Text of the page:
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The M60 traces its roots to the late WWII-era M26 Pershing heavy tank from which the M48 was developed. In 1957, plans were laid in the US for a tank with a 105 mm main gun and a redesigned hull offering better armor protection.
The resulting M60 series largely resembles the M48 it was based on, but has significant differences. The M60 mounted a bore evacuated 105 mm main gun, compared with the M48's 90 mm, had a hull with a straight front slope where as the M48's hull was rounded, had three support rollers per side to the M48's five, and had road wheels constructed from aluminum rather than steel.
The improved design incorporated a Continental V-12 750 hp air-cooled, twin-turbocharged diesel engine, extending operational range to over 300 miles (480 km) while reducing both refueling and servicing. Power was transmitted to a final drive through a cross drive transmission, a combined transmission, differential, steering, and braking unit.
The hull of the M60 was a single piece steel casting divided into three compartments, with the driver in front, fighting compartment in the middle and engine at the rear. The driver looked through three M27 day periscopes, one of which could be replaced by a night vision periscope. Initially, the M60 had essentially the same turret shape as the M48, but this was subsequently replaced with a distinctive 'needlenose' design that minimized frontal cross-section to enemy fire.
The M60 was the last U.S. main battle tank to utilize homogeneous steel armor for protection. It was also the last to feature either the M60 machine gun or an escape hatch under the hull.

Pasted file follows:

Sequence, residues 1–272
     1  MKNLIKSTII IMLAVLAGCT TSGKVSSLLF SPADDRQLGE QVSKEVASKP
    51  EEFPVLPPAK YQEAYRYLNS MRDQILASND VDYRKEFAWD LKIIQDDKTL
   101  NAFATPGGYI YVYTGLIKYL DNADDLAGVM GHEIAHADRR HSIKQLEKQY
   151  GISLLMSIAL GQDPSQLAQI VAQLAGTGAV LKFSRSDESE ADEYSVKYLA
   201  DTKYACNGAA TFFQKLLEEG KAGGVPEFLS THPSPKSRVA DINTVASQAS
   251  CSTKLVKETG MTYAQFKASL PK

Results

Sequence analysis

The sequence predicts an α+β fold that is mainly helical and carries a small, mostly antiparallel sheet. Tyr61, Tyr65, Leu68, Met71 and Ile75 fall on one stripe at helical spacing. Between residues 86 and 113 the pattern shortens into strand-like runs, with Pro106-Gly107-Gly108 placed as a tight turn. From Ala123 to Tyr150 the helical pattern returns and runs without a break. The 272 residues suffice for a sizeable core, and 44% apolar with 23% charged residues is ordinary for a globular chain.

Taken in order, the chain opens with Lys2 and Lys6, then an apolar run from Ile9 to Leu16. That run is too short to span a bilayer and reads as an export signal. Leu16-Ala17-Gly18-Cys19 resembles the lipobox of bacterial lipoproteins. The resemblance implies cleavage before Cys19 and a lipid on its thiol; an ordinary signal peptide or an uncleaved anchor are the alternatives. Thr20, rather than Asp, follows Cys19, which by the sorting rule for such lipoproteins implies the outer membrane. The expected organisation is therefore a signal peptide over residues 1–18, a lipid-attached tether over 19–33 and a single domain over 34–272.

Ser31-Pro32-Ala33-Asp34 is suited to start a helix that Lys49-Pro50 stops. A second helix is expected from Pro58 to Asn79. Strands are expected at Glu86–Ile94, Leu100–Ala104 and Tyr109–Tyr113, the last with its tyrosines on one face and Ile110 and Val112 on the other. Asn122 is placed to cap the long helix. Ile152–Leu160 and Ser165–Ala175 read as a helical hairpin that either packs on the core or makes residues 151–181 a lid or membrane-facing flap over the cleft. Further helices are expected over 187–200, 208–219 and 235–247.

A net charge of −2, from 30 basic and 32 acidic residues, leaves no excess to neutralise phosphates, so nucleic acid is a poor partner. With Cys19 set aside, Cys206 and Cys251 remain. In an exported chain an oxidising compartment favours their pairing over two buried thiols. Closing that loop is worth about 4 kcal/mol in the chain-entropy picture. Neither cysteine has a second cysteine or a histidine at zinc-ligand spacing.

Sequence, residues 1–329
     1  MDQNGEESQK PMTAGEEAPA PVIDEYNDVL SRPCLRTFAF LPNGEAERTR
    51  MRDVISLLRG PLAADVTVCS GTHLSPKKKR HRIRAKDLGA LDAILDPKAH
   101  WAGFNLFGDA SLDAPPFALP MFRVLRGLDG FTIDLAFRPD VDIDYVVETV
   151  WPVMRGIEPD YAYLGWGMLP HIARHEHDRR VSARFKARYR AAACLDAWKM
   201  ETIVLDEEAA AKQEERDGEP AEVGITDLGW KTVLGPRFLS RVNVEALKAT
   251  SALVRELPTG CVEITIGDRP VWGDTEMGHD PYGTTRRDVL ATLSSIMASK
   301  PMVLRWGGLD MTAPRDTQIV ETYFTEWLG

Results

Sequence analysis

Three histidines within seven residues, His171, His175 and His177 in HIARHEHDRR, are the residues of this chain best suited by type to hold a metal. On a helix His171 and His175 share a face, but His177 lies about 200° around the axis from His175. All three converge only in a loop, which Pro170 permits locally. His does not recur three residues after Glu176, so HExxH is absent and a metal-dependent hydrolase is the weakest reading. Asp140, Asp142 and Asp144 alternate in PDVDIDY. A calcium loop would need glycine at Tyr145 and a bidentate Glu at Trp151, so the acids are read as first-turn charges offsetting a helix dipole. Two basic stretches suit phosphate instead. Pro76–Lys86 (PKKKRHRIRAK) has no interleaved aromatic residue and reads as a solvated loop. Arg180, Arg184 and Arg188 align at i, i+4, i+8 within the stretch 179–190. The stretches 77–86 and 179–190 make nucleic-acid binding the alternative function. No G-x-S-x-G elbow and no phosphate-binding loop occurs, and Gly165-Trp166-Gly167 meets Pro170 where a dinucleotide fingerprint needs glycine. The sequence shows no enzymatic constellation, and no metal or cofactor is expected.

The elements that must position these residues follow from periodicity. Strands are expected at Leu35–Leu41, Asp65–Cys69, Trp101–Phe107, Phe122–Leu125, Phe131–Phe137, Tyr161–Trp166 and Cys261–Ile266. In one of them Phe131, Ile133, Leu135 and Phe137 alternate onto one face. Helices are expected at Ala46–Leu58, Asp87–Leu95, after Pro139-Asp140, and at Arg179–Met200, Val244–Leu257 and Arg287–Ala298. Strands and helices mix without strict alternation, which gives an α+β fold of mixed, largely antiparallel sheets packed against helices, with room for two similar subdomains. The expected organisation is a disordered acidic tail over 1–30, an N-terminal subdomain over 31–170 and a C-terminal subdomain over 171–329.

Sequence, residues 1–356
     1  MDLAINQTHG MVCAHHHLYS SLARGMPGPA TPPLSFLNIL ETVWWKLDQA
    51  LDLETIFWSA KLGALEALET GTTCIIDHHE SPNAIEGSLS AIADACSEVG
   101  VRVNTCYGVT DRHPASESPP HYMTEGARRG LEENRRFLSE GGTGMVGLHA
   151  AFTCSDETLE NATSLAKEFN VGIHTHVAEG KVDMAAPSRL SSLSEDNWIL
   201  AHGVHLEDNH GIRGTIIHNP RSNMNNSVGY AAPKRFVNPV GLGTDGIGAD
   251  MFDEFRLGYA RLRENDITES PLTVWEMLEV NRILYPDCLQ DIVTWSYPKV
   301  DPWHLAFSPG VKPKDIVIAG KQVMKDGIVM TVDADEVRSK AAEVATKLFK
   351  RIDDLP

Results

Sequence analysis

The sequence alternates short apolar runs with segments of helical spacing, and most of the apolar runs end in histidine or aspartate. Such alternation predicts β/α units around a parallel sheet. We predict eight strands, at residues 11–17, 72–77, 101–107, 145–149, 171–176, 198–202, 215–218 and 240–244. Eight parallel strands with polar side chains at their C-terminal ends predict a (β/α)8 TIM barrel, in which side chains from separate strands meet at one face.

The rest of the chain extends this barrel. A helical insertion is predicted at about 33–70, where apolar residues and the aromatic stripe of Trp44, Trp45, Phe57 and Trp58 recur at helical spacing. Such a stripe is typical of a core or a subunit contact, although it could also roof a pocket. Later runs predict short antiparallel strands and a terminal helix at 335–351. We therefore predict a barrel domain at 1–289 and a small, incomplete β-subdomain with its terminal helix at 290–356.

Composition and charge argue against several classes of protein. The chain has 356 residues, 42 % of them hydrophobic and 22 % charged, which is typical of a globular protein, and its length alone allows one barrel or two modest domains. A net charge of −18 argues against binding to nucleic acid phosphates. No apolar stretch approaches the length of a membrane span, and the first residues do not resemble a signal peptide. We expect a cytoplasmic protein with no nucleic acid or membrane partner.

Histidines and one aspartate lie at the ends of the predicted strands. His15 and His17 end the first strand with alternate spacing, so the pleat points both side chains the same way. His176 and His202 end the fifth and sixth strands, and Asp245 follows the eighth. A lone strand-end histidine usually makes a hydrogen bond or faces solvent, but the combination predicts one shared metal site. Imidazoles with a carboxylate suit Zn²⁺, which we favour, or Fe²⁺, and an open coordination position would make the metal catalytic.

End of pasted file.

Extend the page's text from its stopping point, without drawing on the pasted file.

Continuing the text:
Originally designated the M68, the new vehicle was put into production in 1959, reclassified as the M60, and entered service in 1960. Over 15,000 M60s (all variants) were constructed.
n 1978, work began on the M60A3 variant. It featured a number of technological enhancements, including smoke dischargers, a new rangefinder, and M21 ballistic computer, and a turret stabilization system. All active American M60s eventually underwent the conversion to the A3 model.
The M60A3 was phased out of US service in 1997, but it remained a front-line MBT into the 21st century for a number of other countries.
While overall a considerably less effective tank than the M1 Abrams, the M60A3 did have some limited advantages over some M1 models:
* The M60A3 had a notably better thermal imaging system than that of the M1 up into the 21st Century, when many M1s had newer ones installed. It was, however, considerably noisier, emitting a loud clicking sound audible several meters outside the vehicle.
* The M60A3 had an exterior phone for infantry to talk directly to the crew inside. This feature was also installed on some USMC M1A1s in Iraq and is now being incorporated into all active Abrams.
* The diesel had lower performance, but also had lower cost, maintenance and better fuel efficiency.
* The exhaust temperature of an M1's turbine is very high, which makes it dangerous for infantry to take cover behind it, rather than the diesel engine on an M60A3.
* The escape hatch located under